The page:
John Paul II described Malta, a country he visited twice during his pontificate, as “An island of faith, heroism and devotion.” The Polish Pope made his first apostolic visit to Malta in May 1990, and returned in May 2001, as part of a Mediterranean tour that also took him to Greece and Syria.
Malta first welcomed a pope on May 25, 1990, almost 26 years after it gained independence. At that time the country was 99% Catholic. The 13 meetings conducted by John Paul II during these three days were an undeniable popular success. The Polish Pope was welcomed by “an entire island in celebration” as the Times of Malta recalled 30 years later.
“I must confess that I am admiring not only the natural beauty of these islands and this sea, but also its splendid artistic heritage,” the Pope enthused. His entourage would report that the Polish pope expressed on many occasions, during the various stages of his stay, his attachment to this “gente buona” (good people).
Caution and praise
However, John Paul II was aware of the changes that were beginning to affect the island. He issued this warning to the local clergy: “Your venerable traditions and your society are subject to the flattery of a secularized culture that has already engulfed a large part of the world.”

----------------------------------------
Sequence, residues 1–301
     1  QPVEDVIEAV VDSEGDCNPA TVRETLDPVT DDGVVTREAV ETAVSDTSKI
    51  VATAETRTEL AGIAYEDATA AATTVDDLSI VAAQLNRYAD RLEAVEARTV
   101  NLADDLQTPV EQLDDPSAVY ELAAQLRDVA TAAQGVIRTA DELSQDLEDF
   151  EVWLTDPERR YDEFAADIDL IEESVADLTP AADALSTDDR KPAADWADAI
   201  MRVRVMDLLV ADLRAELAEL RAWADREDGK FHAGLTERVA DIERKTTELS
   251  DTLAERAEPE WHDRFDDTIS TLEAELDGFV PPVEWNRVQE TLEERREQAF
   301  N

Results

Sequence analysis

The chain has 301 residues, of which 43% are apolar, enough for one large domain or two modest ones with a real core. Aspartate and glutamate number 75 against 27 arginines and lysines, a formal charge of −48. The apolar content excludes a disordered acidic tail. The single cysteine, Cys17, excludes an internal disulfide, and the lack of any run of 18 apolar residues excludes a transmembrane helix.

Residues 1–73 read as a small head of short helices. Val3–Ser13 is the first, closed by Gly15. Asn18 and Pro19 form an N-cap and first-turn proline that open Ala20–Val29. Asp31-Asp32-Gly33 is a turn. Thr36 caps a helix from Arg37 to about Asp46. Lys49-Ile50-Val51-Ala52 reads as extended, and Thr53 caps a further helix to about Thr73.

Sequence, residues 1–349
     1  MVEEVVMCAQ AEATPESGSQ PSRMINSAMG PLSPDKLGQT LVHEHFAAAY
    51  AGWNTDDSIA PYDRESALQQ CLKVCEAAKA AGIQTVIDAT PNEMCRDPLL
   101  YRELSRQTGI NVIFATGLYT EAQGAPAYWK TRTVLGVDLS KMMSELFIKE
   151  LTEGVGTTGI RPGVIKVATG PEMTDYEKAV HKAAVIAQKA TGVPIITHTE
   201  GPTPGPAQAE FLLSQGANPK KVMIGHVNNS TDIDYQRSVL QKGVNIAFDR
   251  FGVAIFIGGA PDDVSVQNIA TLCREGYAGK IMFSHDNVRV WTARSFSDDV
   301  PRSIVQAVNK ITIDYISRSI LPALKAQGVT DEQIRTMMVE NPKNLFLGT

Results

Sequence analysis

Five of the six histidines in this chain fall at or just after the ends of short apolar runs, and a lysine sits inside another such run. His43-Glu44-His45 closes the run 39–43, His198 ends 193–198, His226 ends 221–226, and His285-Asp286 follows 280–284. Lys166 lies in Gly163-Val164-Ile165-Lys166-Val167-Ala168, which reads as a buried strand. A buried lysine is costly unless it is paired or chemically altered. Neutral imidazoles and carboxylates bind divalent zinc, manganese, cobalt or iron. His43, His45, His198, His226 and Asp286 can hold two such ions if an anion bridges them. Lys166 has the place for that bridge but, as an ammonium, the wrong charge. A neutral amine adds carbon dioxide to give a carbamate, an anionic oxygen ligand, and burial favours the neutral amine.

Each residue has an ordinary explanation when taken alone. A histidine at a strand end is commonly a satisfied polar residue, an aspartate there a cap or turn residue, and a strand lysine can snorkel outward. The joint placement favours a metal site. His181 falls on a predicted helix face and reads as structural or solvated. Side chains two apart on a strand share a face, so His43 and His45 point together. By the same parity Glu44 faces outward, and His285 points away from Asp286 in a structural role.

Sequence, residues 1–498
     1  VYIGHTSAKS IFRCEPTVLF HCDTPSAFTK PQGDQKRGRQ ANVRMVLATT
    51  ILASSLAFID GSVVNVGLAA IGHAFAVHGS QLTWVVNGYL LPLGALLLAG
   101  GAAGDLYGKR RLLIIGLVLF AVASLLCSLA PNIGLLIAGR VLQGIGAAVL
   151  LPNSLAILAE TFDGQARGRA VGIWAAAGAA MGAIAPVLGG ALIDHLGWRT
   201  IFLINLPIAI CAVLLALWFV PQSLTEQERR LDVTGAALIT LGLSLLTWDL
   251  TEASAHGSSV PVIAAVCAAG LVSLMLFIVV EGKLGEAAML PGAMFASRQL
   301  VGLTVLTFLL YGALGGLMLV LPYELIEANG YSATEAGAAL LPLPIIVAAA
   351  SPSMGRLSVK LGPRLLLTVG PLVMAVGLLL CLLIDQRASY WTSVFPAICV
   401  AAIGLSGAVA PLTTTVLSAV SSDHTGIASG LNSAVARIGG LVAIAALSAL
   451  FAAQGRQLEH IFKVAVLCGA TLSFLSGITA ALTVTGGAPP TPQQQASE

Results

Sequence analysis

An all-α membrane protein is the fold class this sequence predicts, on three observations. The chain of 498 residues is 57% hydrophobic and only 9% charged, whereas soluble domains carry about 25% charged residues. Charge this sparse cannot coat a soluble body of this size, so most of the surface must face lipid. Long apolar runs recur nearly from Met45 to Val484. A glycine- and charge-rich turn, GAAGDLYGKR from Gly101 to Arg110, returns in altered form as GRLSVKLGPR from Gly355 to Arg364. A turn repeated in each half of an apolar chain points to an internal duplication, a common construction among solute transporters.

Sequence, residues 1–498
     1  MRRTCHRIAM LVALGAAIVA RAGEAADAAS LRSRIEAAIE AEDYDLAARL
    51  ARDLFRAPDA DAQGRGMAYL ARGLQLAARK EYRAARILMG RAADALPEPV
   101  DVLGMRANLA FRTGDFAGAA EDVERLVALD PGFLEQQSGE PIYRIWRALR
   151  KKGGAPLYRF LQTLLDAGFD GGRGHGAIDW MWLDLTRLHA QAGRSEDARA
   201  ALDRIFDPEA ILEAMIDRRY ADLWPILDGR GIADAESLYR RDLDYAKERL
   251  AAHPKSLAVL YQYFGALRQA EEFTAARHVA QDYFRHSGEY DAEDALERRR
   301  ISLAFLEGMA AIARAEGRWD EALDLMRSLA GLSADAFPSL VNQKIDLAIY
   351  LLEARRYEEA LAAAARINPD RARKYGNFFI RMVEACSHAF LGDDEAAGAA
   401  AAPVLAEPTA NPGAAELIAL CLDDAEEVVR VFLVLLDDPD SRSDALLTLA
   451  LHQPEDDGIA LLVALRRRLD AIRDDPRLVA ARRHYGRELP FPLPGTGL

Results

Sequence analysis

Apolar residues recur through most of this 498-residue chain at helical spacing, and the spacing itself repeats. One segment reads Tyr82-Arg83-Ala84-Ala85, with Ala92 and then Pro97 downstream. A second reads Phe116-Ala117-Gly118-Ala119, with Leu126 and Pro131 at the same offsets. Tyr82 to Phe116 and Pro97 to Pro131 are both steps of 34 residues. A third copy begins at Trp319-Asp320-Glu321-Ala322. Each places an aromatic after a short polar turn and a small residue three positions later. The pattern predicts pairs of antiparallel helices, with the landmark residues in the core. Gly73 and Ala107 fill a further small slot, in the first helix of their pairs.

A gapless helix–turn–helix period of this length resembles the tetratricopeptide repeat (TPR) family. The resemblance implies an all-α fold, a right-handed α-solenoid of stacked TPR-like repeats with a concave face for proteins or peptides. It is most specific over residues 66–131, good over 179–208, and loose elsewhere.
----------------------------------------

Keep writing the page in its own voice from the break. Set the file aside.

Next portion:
In a meeting with members of the artistic and intellectual communities, the pontiff expressed similar sentiments, speaking out against the pitfall of a “false culture of appearances,” that are “the result of an unbridled consumer mentality harmful to the deepest needs of individuals and communities.”
But he also pointed out that “thanks to its geographical position and history, Malta presents a wonderful symbiosis of European and Mediterranean cultures.” Pope Francis could naturally take up this theme this weekend.
In the context of the end of the Cold War, John Paul II praised Malta’s position to “observe and take part in the current changes.” He recalled that a few months earlier, in December 1989, Malta had hosted the first summit between Soviet leader Mikhail Gorbachev, who had just visited the Vatican, and U.S. President George H.W. Bush.